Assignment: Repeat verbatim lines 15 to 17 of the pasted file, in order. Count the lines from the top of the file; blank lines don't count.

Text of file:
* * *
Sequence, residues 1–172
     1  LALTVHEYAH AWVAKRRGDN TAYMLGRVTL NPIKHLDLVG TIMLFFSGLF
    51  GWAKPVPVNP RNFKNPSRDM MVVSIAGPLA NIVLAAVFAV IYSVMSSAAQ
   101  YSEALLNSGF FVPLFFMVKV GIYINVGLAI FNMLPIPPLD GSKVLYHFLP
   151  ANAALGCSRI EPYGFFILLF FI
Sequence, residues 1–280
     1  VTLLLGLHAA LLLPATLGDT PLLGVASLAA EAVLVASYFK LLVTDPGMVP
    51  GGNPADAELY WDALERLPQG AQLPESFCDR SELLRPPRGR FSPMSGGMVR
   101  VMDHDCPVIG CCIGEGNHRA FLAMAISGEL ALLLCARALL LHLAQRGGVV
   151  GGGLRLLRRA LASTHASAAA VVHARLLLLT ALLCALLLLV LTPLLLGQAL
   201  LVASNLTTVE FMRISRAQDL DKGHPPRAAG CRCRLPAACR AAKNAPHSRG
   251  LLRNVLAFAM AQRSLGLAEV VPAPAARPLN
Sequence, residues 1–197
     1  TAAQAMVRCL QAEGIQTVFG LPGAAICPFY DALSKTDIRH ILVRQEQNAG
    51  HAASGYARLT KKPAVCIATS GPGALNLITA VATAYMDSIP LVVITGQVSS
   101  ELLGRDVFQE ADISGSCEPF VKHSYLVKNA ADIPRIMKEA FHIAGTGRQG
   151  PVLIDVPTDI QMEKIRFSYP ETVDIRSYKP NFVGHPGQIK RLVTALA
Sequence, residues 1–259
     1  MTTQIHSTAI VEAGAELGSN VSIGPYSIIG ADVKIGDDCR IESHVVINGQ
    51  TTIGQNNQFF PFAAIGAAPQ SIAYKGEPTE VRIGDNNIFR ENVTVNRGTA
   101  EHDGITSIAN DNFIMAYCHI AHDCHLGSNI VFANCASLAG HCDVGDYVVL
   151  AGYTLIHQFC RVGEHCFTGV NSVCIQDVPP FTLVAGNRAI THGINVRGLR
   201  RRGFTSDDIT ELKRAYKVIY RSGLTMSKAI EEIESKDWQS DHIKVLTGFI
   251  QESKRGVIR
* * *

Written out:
    51  HAASGYARLT KKPAVCIATS GPGALNLITA VATAYMDSIP LVVITGQVSS
   101  ELLGRDVFQE ADISGSCEPF VKHSYLVKNA ADIPRIMKEA FHIAGTGRQG
   151  PVLIDVPTDI QMEKIRFSYP ETVDIRSYKP NFVGHPGQIK RLVTALA